The Latymer Link - page 13

 very special Remembrance Day service was held at Latymer on 11th November 2014, marking one
hundred years since the outbreak of the First World War and remembering former students and staff who gave
their lives in this conflict and subsequent ones. It’s a thought-provoking occasion every year but somehow
this year felt especially moving: the centenary commemorations highlighting the fact that World War One is
slipping into a distant past which very few people alive today have any first-hand memory of.
The wreath laying ceremony was led by several former students, now in their eighties and nineties, some
of whom saw active service in World War Two. Their stately progress from the back of the Great Hall was
witnessed by c.1300 present-day Latymerians who did themselves proud with total silence and exemplary
behaviour. The Last Post, played out in the corridor thus allowing the sound to echo eerily though the school
building, was sounded by Freddie Ridout (Year 12), and Andrew Granath, Head of History and our School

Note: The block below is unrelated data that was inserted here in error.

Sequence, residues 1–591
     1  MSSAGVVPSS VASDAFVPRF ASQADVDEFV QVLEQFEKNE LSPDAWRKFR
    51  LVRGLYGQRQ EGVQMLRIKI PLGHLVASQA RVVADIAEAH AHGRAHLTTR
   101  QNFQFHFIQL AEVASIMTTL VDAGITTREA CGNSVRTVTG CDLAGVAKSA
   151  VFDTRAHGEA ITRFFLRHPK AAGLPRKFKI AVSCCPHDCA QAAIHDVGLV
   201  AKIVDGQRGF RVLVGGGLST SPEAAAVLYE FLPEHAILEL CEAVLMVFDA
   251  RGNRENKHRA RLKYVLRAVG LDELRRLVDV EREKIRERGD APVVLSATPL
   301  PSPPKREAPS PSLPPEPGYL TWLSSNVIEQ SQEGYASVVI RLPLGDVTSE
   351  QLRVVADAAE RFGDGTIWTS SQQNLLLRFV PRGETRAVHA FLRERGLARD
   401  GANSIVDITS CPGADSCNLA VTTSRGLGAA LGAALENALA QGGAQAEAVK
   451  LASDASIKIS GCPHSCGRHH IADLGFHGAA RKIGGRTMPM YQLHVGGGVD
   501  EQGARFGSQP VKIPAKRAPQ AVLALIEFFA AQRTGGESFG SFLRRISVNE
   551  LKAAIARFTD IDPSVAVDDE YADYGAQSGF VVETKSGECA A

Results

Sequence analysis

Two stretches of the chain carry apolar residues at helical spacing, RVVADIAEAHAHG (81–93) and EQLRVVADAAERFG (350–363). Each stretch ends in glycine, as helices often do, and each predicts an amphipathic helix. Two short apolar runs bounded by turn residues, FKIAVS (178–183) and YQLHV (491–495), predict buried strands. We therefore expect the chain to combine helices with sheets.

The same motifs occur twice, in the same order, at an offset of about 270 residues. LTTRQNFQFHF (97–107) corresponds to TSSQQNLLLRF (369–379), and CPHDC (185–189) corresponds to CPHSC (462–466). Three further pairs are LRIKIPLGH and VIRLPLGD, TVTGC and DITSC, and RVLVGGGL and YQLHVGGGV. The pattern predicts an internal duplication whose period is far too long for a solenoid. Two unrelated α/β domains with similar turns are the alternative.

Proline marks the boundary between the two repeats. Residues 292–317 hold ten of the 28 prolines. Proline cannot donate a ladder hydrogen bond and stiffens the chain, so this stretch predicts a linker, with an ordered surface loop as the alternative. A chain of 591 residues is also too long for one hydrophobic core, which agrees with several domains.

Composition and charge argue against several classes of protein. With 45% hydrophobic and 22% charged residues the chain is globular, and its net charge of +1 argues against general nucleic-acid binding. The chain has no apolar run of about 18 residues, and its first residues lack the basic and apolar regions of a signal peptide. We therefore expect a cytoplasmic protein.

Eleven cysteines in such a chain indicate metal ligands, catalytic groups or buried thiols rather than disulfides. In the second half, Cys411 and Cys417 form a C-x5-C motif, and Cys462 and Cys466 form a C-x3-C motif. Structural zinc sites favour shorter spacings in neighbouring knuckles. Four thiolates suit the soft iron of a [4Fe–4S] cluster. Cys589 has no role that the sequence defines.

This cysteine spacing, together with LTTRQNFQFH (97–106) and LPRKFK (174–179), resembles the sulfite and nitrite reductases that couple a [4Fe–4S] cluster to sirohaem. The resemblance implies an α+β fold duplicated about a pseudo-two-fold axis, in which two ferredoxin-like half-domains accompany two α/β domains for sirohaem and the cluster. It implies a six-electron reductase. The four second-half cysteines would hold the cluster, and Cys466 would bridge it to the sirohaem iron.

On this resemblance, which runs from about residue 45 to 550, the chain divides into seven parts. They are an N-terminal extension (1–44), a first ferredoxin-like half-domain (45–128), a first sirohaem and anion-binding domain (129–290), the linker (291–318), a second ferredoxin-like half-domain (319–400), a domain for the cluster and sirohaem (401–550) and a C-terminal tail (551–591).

Archivist, made an unforgettably poignant address about Latymer during the First World War.
The school had been re-established on Haselbury Road only four years before war was declared and at that
time was ably led by Headmaster Richard Ashworth. Andrew Granath shared with us the programme for
Latymer’s “Annual Athletics Sports”, held on July 11th 1914, just three weeks before Europe was plunged into
war. The day was full of innocent fun; potato races, three legged races, a 200 yards handicap, skipping races,
an egg & spoon race, a slow bicycle race, a blindfold race and a game of “Hunt the Bellman”. However Andrew
drew special attention to Heat 1 of the 100 yards for boys: W. Elms, A. Chittenden, R. Hobbs, V. Sharpen, E.
Lurton, F. Wood, V. Grimshaw and V. Rogers. Of the eight boys running in that heat, five would be dead within
four years; just some of the sixteen Latymerians killed during the conflict.
Some time later, Richard Ashworth wrote “When I look back on the years when the sun shone so brightly, in
the year after the school was opened I would never have thought that the burden of our sorrows would weigh
so heavily upon us.” He was referring to the news that he had received in one week in 1916 of the deaths on
the Western Front of three Latymer pupils. I felt so moved by Andrew’s description of the loss Mr Ashworth
felt for these boys that I stopped at Edmonton Cemetery on my way home from work that day and left my
poppy on his grave, in their honour.
Emma Halstead, LOSA Administrator
with thanks to Andrew Granath
Remberance Day
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